India a drag on Amazon’s international losses, investments continue


E-commerce giant Amazon recorded second quarter losses from international operations, with India being a large player, grew fourfold to $724 million as it invested heavily in data centres and content to attract more customers to subscribe to its loyalty programme called ‘Amazon Prime’.


The world’s largest e-tailing firm has stepped up investments in India over $600 million, disclosed since January to setup data centres, improve logistics and payments, besides building local content for its Prime video service offered to its loyal subscribers.



Amazon is also investing more in local data centres to stream videos to the growing number of Prime customers with the company claiming a third of new customers were signing up for its loyalty programme. It is also building content – Inside Edge, the first of 18 Indian original series and bought rights for local movies to target customers in specific regions of the country.


Prime subscribers spend twice as much as regular e-commerce customers in the US, which could mirror in other markets such as India.


The data centres also help Amazon its cloud business by hosting applications of hundreds of business customers in India.


“We continue to invest in India. We’re very hopeful with the progress we’ve made with sellers and customers alike in India and we see great momentum and success there, so we continue to invest and we have some of our best people in that business,” Chief Financial Officer Brian Olsavsky said.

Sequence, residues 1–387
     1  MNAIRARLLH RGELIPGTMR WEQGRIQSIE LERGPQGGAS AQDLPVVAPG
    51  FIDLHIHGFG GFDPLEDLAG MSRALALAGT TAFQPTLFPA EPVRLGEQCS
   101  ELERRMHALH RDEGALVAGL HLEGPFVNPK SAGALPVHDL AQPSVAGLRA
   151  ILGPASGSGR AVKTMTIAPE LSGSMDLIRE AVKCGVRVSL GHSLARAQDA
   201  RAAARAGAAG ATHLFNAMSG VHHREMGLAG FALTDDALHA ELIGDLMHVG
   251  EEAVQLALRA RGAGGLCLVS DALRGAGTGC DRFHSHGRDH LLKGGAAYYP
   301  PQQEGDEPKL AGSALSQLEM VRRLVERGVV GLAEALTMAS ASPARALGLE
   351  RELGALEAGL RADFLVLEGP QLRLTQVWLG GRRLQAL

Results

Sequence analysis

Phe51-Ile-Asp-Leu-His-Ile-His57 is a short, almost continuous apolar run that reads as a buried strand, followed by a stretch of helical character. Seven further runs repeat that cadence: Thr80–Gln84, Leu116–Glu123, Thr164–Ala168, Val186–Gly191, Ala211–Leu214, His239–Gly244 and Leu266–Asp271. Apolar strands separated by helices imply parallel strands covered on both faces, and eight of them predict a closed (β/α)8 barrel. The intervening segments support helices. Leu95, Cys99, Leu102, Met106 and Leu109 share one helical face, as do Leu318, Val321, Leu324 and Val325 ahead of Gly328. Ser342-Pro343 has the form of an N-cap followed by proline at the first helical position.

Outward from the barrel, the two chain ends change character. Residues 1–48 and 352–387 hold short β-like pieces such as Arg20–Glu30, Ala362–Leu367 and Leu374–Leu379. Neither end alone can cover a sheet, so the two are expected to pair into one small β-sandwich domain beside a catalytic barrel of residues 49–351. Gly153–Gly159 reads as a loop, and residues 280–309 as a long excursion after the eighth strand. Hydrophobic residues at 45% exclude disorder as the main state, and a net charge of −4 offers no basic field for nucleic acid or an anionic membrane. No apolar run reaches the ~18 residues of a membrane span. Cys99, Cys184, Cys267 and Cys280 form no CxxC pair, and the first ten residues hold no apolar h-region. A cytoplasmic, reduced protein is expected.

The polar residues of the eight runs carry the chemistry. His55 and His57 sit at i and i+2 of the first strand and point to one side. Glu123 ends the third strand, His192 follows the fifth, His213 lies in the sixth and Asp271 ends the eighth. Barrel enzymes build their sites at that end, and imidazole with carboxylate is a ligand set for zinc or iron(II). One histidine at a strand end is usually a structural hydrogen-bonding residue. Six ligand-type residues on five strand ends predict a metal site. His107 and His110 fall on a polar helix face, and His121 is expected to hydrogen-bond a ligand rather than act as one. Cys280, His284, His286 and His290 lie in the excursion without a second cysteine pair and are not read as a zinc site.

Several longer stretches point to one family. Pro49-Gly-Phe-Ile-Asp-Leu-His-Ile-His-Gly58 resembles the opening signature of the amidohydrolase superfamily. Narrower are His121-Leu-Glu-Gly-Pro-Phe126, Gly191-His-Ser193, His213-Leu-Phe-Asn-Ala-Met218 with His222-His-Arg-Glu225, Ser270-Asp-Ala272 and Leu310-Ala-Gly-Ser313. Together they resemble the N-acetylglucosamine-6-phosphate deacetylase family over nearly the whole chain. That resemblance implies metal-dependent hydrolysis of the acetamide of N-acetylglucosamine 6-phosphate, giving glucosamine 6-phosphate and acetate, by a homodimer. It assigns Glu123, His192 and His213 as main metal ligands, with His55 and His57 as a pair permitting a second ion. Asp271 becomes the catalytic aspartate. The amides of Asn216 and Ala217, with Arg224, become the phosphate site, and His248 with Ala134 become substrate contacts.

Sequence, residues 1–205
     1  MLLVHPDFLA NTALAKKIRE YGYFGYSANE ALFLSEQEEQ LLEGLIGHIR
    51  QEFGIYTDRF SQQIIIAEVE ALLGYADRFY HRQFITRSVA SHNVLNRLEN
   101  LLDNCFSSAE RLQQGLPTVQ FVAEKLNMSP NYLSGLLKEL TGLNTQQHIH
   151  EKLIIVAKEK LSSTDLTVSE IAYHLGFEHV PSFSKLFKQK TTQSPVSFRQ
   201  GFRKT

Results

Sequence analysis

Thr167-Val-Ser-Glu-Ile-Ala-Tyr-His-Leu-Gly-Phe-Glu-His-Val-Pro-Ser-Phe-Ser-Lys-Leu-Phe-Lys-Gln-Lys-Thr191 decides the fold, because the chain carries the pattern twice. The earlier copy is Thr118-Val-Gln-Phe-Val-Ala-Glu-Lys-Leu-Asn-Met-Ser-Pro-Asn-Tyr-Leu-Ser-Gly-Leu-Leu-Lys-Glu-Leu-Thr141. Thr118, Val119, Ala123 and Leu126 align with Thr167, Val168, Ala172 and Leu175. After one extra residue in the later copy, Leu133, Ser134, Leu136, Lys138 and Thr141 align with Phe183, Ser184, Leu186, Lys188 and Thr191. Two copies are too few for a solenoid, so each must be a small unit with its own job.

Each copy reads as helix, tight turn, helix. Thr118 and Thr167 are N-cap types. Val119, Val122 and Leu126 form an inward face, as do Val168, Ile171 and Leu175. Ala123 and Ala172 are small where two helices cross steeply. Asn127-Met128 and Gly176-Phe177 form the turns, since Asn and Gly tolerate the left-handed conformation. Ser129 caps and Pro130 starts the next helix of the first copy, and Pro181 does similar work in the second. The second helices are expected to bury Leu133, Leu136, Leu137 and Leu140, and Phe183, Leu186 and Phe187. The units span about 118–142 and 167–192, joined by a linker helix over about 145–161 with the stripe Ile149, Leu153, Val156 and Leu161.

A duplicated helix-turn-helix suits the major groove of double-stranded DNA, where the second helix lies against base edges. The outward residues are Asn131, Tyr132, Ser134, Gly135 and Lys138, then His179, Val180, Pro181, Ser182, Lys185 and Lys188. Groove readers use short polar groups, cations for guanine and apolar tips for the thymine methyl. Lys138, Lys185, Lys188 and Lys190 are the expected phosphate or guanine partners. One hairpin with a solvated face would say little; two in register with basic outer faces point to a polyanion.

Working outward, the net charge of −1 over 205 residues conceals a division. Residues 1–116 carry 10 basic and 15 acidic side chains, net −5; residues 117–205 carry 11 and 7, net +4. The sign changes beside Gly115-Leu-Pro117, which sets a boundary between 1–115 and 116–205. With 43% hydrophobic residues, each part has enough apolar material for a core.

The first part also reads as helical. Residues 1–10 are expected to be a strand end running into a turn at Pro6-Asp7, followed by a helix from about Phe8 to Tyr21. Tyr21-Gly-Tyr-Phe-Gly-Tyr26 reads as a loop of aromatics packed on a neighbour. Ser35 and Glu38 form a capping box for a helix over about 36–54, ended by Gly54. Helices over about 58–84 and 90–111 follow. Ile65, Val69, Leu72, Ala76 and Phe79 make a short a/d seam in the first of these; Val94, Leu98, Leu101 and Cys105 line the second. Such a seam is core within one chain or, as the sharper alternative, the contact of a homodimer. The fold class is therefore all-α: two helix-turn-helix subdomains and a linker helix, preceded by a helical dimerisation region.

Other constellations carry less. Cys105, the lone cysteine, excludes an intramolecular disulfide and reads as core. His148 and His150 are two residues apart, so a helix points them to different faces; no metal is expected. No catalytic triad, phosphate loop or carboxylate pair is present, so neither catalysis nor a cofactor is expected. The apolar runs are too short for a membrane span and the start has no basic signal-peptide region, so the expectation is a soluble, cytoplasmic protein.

Amazon, which follows the January to December financial year, had posted operating losses of $135 million in the second quarter last year. In the January to March this year, it had posted losses of $481 million.


International sales jumped 17 per cent to $11.48 billion in the quarter on the back of growing business across geographies, including India.


For the quarter, Amazon grew its revenue by 25 per cent to $38 billion as it got more customers to shift online from traditional retailers. It saw quarterly income drop by 77 per cent and hinted that it could lose up to $400 million in operating profit during the current quarter.


India has been the forefront of Amazon’s investments, with founder Jeff Bezos having committed over $5 billion to conquer the country’s e-commerce market. It also is expanding at a time when rival Flipkart is looking at investors such as Softbank who have deeper pockets to invest over a longer horizon and look at profits. Amazon has sustained losses for over 20 years before it showed marginal cash profits this year.


Flipkart has closed talks to acquire smaller rival Snapdeal, which will help it bring Softbank as an investor. At the same time, the Indian market is turning into a three-cornered fight with Alibaba, the Chinese e-commerce firm entering the fray by investing in Paytm with its Paytm Mall.

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